Conservation does not mean deprivation. You don’t need to take military-style showers or let your yard go fallow in order to save water. “We’re not saying you can’t have a garden,” says Peter Gleick, president of the Pacific Institute. “You can have a beautiful garden that uses a lot less water. You can wash your clothes in a washing machine, flush your toilet, and take your showers with less water.” Here are some ways of becoming more efficient without sacrificing your comfort:
1. Rethink your lawn and garden. Particularly in arid climates, landscaping uses an outsized amount of household water. Consider xeriscaping: creating colorful and well-designed gardens that combine healthy soil, drought-tolerant plants, limited turf, and drip irrigation. (Your cooperative extension can offer guidance.) Even without xeriscaping, there is much you can do: Water in the early morning or evening; mulch heavily; collect rainwater in a barrel; and let your grass grow a little taller to shade the roots and reduce evaporation.
2. Run an efficient kitchen. Buy an Energy Star-rated dishwasher and only wash full loads. If you must wash by hand, fill half your double sink with soapy water and the other half with rinse water. Buy an aerator for your kitchen sink, which will use less water while maintaining pressure. Wash fruits and vegetables in a bowl. Compost leftovers instead of using the garbage disposal in your kitchen sink. Rather than pouring fat down the drain, mix it with seeds and nuts and feed the birds.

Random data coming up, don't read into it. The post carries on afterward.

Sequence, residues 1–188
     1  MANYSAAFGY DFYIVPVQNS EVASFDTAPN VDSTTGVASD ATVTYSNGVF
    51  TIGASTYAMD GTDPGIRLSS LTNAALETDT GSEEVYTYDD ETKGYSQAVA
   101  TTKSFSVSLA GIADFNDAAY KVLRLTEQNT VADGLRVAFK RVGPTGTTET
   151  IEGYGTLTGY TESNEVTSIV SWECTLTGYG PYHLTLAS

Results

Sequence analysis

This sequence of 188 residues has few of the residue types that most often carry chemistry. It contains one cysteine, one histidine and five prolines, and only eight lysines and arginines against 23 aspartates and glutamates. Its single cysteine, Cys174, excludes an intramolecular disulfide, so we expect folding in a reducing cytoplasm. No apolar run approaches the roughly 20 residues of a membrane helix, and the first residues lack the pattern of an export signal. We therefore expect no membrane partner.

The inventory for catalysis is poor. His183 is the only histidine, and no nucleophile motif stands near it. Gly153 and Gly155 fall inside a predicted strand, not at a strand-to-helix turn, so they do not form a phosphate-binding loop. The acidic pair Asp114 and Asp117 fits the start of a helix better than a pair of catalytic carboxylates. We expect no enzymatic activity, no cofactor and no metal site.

3. Clean with care. Shower instead of bathing. Buy a low-flow showerhead. Turn off the tap while you brush your teeth. Buy an energy-efficient clothes washer and only operate it full. Wash your car sparingly with a bucket and sponge.
4. Investigate “gray water.” This is wastewater from your bathtub, shower, washbasin, or clothes washer. It can sometimes be reused for landscaping, composting, and flushing toilets. Because there can be health risks if this is done improperly, gray-water laws vary from place to place. Consult with an expert.
5. Fix your leaks. The trillion gallons we lose each year to household leakage could supply all of Utah, Arizona, Colorado, and New Mexico, says the U.S. Environmental Protection Agency. If your winter usage exceeds 12,000 gallons a month for four people; if your meter advances during a two-hour period when you’ve used no water; or if food coloring dropped into your toilet tank migrates to the bowl within 15 minutes, then you need to call a plumber.